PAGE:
San Francisco: A US judge has ruled that there is “reasonable evidence” that Tesla and its CEO Elon Musk knew its electric cars had “defective Autopilot systems” but still allowed the EVs to be driven in areas “not safe for that technology”.
The Florida lawsuit was filed after a 2019 crash in Miami when Stephen Banner’s Model 3 drove under the trailer of an 18-wheeler truck that had turned onto the road, cutting off the Tesla’s roof and killing Banner.
Judge Scott’s finding that Tesla’s top management knew of the defects could also mean Musk would have to testify, reports TechCrunch.
Tesla marketed the products as autonomous and Musk’s public statements about Autopilot “had a significant effect on the belief about the capabilities of the products,” according to the ruling.
The ruling means the family of a man who died in a collision while his Tesla’s Autopilot was engaged “can go to trial and seek punitive damages from Tesla for intentional misconduct and gross negligence”.
In August, a grieving widow sued Tesla in the US after her husband died in a 2020 crash involving a Model 3 vehicle.
Jyung Woo Hahn, 46, died on March 12, 2022, when his Tesla malfunctioned and collided with a tree and burst into flames in New York.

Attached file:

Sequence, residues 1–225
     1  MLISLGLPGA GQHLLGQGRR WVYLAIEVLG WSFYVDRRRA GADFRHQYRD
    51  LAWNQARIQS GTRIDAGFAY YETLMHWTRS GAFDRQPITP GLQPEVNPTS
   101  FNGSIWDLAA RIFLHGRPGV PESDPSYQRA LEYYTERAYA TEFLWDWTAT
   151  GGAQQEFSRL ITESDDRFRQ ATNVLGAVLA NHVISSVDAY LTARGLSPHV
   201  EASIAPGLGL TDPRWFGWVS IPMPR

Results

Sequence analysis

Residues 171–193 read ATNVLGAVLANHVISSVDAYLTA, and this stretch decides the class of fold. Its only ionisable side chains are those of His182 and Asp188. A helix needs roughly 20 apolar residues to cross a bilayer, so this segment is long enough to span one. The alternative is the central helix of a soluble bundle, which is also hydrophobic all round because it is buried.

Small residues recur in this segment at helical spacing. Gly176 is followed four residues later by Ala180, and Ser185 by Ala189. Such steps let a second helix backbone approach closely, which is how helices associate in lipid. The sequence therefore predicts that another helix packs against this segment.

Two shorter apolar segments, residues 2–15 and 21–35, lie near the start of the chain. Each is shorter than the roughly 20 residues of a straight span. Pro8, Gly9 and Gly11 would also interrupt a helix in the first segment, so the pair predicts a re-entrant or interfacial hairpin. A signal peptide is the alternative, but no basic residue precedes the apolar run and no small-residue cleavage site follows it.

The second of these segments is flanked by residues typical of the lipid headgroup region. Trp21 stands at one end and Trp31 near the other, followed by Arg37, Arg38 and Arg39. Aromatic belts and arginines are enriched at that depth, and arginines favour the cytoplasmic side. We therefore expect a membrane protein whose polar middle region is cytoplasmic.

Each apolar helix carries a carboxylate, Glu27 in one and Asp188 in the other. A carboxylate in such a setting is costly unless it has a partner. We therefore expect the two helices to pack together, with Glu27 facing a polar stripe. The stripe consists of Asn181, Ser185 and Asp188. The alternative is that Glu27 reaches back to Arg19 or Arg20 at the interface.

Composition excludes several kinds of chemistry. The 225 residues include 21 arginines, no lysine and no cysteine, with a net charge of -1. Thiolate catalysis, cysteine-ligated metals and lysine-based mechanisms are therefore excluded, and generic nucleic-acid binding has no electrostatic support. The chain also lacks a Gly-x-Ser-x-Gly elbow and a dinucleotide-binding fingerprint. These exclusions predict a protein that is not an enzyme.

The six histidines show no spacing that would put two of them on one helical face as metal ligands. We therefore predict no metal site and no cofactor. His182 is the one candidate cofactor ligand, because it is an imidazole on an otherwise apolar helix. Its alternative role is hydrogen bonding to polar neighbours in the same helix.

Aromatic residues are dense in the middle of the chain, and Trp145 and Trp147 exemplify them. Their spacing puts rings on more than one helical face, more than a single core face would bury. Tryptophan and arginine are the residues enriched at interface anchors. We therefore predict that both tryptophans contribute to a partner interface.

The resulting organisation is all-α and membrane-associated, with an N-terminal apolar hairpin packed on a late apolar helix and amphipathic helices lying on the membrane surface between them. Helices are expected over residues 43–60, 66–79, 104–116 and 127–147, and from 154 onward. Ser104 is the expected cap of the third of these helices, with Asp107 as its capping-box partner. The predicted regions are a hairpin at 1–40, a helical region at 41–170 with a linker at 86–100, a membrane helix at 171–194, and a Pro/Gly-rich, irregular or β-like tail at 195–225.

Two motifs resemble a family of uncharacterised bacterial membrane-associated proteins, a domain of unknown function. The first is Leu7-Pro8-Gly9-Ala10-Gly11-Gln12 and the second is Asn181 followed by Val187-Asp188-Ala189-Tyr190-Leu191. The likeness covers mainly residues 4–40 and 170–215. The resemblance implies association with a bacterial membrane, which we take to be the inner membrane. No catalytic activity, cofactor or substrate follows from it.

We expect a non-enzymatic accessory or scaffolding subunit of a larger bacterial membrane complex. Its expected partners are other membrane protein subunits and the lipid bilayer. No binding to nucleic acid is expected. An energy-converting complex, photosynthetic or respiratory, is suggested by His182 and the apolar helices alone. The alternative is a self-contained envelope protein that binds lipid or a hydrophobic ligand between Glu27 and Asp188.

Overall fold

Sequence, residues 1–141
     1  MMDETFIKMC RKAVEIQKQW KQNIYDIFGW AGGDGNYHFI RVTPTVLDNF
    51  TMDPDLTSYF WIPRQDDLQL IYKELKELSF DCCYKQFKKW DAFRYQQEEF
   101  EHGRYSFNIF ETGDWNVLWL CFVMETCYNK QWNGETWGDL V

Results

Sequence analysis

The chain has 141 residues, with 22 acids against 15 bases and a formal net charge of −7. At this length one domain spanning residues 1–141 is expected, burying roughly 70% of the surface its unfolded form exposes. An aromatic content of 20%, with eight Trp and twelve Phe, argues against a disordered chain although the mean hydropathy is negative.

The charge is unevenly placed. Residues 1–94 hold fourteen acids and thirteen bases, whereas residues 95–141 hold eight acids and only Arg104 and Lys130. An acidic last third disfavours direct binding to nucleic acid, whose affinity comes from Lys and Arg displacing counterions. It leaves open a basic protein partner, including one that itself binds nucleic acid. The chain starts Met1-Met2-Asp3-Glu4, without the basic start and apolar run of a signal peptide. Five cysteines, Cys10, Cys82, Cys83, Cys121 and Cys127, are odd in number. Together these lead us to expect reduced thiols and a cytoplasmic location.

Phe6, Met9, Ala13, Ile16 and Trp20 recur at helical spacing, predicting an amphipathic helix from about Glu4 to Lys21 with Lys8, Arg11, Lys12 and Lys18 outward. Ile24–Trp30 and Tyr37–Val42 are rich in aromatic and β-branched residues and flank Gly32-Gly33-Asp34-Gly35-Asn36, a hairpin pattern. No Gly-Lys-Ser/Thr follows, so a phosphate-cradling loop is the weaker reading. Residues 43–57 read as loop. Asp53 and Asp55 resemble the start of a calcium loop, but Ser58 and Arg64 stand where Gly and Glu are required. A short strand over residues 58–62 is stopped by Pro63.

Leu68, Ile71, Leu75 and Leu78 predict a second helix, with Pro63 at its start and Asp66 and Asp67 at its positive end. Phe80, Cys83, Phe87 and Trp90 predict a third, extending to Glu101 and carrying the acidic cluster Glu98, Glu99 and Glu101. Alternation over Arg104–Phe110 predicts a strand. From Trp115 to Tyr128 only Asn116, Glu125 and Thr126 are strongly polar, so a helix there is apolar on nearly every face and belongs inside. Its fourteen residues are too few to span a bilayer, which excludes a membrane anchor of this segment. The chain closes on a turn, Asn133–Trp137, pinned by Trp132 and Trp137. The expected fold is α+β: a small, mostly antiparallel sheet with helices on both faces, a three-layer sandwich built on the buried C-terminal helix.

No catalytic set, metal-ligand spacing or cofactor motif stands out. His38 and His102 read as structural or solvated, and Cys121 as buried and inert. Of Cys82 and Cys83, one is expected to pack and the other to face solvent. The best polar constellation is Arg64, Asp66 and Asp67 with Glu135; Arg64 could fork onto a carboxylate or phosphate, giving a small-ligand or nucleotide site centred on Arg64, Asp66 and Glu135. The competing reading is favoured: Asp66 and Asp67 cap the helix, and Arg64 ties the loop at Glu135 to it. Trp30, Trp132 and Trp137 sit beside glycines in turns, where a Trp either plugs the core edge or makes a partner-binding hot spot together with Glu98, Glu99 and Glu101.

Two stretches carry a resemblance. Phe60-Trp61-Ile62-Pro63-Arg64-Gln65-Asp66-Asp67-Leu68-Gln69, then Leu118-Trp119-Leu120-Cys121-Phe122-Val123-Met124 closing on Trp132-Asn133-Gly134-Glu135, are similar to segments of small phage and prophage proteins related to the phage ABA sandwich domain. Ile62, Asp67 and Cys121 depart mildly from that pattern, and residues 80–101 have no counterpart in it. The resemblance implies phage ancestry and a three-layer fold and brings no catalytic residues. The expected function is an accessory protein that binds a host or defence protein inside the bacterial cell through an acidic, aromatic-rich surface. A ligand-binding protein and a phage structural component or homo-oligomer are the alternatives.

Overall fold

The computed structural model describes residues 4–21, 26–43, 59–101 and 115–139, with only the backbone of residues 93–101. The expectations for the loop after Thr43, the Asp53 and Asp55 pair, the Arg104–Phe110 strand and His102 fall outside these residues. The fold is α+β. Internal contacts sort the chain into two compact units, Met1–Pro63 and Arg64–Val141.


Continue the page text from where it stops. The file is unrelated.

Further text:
He allegedly survived the initial crash but was trapped in the burning vehicle.
The plaintiff Jiyoung Yoon sued Tesla in the US District Court, Southern District of New York, for its role in designing, manufacturing, distributing, and selling the vehicle “in its defective and unreasonably dangerous condition and for causing Hahn’s horrific injuries, suffering, and death”.
Last month, the US Department of Justice (DOJ) probed Musk-run Tesla for the advertised range of its TVs and personal decisions.
The electric car-maker disclosed in a US Securities and Exchange Commission (SEC) filing that the Justice department issued subpoenas related to perks, vehicle range and personal decisions.
Tesla has also been pulled up by the US road safety regulators to provide extensive data about its driver assistance and driver monitoring systems, known as ‘Elon mode’.